At a recent event in Cherry Hill, N.J., longtime CHOP researcher Judith Grinspan, PhD, received the “Professional Impact Award” from the Greater Delaware Valley Multiple Sclerosis Society. Dr. Grinspan has spent more than 25 years examining how multiple sclerosis damages the nervous system, and ways that damage might be repaired.
Dr. Grinspan was the first researcher to receive this new award from the Greater Delaware Valley Multiple Sclerosis Society. Serving Philadelphia and its surrounding counties as well as southern New Jersey, the Delaware Valley Chapter raises funds to support multiple sclerosis research and patient assistance, and publishes the MSConnection newsletter.
Multiple sclerosis (MS) is an often debilitating chronic disease of the central nervous system in which myelin — the fatty sheath that insulates the nerves — is damaged, leading to nerve signaling loss. Symptoms of MS include numbness, weakness in the limbs, vision problems, and progressive disability. MS affects approximately 90 out of 100,000 people, and is mainly seen between the ages of 20 and 40. Pediatric MS is less common, representing perhaps 5 percent of all multiple sclerosis patients.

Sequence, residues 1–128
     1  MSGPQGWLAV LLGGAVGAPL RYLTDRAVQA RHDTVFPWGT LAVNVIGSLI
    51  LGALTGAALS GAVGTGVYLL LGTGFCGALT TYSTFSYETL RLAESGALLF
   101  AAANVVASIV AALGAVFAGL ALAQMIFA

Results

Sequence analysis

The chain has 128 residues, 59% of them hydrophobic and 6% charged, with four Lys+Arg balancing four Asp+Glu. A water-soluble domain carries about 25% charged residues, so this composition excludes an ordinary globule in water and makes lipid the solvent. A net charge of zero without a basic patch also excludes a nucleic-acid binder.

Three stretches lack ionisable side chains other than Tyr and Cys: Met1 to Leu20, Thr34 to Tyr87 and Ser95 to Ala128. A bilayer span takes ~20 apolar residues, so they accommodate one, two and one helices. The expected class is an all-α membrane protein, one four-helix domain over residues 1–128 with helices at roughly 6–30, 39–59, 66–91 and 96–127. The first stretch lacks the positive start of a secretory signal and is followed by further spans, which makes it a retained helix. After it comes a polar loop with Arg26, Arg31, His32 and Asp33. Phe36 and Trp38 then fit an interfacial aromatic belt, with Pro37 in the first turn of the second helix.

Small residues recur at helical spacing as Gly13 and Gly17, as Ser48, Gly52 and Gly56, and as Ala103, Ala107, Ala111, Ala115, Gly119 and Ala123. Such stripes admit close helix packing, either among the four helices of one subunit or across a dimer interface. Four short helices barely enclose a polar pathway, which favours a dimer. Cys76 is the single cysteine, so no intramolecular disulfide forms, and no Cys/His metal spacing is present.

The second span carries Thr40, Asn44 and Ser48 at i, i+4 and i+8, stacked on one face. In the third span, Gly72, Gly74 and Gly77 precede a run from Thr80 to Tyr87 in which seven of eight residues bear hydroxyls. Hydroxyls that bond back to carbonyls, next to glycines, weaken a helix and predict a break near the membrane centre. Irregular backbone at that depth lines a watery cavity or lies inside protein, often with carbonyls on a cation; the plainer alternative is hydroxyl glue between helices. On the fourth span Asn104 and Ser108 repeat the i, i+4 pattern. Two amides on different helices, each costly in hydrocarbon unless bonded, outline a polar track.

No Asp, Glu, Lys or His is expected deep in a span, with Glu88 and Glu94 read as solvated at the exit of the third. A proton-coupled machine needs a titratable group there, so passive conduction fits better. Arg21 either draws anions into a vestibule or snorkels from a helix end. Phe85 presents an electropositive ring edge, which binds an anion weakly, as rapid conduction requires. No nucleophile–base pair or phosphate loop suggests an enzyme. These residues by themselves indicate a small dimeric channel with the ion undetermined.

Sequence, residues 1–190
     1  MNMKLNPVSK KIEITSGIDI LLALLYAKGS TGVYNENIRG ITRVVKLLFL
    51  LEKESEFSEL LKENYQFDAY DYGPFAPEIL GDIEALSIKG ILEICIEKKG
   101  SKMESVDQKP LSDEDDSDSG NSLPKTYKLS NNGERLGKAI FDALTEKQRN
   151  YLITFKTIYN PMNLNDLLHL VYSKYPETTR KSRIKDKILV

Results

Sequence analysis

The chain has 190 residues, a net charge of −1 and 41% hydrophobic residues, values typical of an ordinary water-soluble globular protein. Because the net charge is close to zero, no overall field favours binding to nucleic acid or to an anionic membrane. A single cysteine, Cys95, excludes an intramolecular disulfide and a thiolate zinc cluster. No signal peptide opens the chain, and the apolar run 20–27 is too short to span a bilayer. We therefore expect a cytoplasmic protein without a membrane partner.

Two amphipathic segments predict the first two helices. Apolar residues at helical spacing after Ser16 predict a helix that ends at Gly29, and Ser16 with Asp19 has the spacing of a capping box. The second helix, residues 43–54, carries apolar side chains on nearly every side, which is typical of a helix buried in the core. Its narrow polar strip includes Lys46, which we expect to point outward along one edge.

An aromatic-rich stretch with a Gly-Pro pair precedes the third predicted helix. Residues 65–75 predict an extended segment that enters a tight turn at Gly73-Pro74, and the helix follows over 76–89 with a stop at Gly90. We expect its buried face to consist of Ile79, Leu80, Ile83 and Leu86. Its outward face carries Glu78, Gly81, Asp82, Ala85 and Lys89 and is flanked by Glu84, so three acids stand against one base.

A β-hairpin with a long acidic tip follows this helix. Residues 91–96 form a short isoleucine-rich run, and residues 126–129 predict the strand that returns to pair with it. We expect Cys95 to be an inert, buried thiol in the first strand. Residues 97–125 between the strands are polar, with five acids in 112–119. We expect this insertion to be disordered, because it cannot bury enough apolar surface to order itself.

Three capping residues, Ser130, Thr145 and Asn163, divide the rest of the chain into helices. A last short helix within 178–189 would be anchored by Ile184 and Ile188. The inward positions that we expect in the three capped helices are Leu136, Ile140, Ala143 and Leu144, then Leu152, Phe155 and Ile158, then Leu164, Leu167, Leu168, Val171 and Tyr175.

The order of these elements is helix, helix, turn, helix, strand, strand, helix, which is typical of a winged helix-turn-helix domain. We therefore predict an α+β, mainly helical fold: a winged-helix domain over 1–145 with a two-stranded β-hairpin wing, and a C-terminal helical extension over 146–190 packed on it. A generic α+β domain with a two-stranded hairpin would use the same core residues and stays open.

There is no cure for multiple sclerosis. While a variety of drugs exist to manage the disease’s symptoms and to slow its progression, current treatments are only effective up to a certain point, Dr. Grinspan pointed out. Including her postdoctoral research, Dr. Grinspan has been researching MS since 1986.
Much of Dr. Grinspan’s research has been devoted to better understanding oligodendrocytes, cells of the central nervous system that produce myelin. Her work on these cells recently led to a collaboration with neonatologist Rebecca Simmons, MD, examining intrauterine growth restriction (IUGR), a relatively common complication of pregnancy. The researchers looked at the process of oxidative stress — an imbalance between free radicals and free radical scavengers that is commonly associated with prematurity and IUGR.
Overall, Dr. Grinspan’s work wouldn’t be possible without funding from organizations like the Multiple Sclerosis Society. “I am honored to have won this award and am thankful that the MS society has enabled me to do this research through their continued support,” Dr. Grinspan said.